Python Web Framework Series – Pylons: Part 5 Testing Models

UPDATE: was an error caught by Govind (who is turning out to be my unofficial proofreader). I’ve made a correction in the thread mapping for “dateadded” property in the previous article. If this you are caught up with and error indicating there is no dateadded property on thread make sure to edit your file to match the previous article and rebuild your db so that everything is happy. Please bear with me as I hone my tutorial writing skill set.

When we last left of with our Pylons forum we had a had just successfully created a post, and then could immediately retrieve that same post. However, we kind of skimped on the testing story so lets fill in the gaps and do some refactoring as a bonus.

Functional Testing Models

Open your functional controller test located at and add the following import line

from pylonsforum.model import Thread, Post, meta

and the following methods

def setUp(self):

def _createpost(self,times):
        i = 
        while i < times:
            i = i +1
            thread = Thread()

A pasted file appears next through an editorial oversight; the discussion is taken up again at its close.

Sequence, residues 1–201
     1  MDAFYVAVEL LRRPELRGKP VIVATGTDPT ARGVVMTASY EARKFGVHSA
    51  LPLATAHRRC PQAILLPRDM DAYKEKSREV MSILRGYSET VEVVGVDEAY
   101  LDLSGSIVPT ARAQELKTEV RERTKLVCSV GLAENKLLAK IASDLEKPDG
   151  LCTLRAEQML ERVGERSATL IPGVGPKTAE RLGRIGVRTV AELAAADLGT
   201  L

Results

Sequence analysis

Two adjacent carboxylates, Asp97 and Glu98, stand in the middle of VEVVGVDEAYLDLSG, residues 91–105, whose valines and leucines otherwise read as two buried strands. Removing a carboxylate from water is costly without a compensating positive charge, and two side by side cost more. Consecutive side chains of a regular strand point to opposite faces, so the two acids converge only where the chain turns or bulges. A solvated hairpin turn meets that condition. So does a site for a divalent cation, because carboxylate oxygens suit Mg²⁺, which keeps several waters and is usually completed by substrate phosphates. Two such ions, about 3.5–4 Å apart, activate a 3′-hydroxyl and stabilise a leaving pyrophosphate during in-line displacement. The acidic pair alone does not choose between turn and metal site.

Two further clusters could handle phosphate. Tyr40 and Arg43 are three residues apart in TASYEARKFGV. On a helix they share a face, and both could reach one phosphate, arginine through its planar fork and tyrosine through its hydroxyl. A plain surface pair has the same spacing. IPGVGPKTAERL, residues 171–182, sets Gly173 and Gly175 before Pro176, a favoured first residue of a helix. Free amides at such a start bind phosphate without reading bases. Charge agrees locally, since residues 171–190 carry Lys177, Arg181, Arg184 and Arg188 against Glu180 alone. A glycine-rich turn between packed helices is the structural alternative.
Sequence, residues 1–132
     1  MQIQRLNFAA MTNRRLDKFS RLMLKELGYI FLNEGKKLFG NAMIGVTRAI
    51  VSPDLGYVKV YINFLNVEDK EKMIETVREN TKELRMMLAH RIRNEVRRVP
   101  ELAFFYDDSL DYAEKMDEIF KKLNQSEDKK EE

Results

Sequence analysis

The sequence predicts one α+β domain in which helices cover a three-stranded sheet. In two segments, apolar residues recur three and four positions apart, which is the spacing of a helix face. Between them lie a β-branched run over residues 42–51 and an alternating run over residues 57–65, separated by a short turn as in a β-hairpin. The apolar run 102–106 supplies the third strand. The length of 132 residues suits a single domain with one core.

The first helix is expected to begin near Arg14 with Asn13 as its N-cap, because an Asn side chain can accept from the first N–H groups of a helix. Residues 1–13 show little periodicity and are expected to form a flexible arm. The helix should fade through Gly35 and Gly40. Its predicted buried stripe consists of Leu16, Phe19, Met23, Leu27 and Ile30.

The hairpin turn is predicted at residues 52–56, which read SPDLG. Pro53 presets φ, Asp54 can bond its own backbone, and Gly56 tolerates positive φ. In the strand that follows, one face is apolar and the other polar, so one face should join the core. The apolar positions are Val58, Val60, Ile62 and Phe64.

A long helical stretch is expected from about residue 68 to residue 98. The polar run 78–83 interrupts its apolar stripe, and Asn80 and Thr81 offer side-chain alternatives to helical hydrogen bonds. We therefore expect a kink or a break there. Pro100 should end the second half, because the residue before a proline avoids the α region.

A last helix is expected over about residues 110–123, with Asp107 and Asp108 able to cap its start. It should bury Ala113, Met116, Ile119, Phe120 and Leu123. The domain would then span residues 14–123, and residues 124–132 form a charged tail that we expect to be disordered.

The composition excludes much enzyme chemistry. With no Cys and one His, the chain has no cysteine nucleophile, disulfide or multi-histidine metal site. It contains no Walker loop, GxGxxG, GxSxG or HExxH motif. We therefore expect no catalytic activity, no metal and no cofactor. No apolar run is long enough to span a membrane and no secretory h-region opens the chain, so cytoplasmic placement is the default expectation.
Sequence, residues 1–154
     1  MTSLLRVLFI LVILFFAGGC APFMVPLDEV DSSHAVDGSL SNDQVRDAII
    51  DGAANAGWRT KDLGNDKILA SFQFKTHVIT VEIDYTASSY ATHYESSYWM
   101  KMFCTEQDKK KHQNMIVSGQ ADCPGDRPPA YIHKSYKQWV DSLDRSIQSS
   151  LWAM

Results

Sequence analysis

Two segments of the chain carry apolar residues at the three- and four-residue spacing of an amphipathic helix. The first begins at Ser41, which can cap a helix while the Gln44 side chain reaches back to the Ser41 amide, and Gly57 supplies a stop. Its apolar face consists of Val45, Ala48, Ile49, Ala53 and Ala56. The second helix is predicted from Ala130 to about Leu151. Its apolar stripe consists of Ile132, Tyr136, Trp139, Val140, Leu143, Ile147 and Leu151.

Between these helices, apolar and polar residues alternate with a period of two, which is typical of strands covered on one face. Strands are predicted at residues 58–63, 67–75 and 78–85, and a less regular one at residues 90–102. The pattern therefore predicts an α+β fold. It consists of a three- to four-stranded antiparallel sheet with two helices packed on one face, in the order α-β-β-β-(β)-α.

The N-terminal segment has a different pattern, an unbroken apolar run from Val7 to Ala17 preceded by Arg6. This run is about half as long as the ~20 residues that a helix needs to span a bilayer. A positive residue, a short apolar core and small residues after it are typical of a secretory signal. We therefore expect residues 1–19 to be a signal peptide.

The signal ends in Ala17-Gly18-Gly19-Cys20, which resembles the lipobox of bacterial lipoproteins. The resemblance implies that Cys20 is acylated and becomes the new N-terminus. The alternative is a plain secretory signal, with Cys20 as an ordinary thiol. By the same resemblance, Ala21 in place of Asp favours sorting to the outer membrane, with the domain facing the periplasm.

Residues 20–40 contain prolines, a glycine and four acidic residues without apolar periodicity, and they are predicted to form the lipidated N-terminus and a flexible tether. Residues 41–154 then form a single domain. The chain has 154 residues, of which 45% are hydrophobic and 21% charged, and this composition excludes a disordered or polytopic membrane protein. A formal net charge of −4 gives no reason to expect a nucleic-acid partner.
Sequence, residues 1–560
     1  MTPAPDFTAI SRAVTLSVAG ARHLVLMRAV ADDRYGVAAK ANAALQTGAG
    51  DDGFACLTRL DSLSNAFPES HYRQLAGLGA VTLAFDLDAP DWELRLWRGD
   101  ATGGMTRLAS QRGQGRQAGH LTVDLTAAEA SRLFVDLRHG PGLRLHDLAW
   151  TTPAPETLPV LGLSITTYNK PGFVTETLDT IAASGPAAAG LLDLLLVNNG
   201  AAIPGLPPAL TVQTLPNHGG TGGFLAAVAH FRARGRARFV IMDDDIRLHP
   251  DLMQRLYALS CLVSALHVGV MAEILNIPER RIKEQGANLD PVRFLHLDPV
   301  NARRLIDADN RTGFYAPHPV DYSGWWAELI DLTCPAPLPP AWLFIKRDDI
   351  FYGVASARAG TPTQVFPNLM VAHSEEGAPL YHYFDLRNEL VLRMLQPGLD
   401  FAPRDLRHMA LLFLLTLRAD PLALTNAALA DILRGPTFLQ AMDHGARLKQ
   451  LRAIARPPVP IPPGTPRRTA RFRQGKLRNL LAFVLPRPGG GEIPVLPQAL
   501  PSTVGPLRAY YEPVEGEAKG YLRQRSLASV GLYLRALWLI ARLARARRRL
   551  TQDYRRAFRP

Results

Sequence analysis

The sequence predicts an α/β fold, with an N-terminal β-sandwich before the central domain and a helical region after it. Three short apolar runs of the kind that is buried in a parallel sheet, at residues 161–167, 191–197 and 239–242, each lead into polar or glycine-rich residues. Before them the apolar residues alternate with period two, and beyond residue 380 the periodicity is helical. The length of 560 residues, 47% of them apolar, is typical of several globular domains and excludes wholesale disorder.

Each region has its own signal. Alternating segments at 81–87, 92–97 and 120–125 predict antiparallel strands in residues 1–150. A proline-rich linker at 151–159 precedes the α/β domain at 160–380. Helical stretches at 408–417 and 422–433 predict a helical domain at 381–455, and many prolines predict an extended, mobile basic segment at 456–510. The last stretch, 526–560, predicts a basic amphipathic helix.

thread.subject = “subject “ + str(i)
            post = Post()
   = “posting away”
            post.content= “”
            post.isparent = True
        meta.Session.commit() </div> </div>


and change the test_recent_posts method to


   def test_five_most_recent_threads_show_in_homepage(self):
        response =“home”, action=“index”))
        assert “subject 1” in response
        assert “subject 2” in response
        assert “subject 3” in response
        assert “subject 4” in response
        assert “subject 5” in response



In summary here we’re adding a _createpost factory method that generates some basic test threads and parent posts. running nosetests –-with-pylons=test.ini should result in failed tests.

Changing The View and Controller

Now adjust your index.mako view to the following:

<%def name=“title()”>Pylons Forum</%def>
<%def name=“head_tags()”></%def>
<div id=“recentposts”>
%for t in c.threads:
</b></span>subject</th></b></span>author</th></b></span>date submitted</th></tr></thead>
</b></span>${t.subject}</td></b></span>${}</td></b></span>${t.dateadded}</td></tr>  <!– changed posts properties to thread properties and added parentpost –>
</div> </div> </div>

So once you’ve changed the to using a “threads” object, added parentpost (where did that come from? I’ll get to that in minute) and changed our properties around we need to change the our controller index action for our cosmetic changes and to work with our new tests:

 def index(self):
        c.username = “rsvihla”
   # removing this line    c.posts = [Post(“jkruse”, “New Kindle”, “06/24/2009”)]
        thread_query = meta.Session.query(model.Thread)
        c.threads = thread_query.order_by(model.Thread.dateadded.desc()).limit(5).all()
        return render(‘index.mako’)

So our index action now is querying for the 5 most recent threads and storing in our new c.threads context variable. Lets strip the query down into pieces.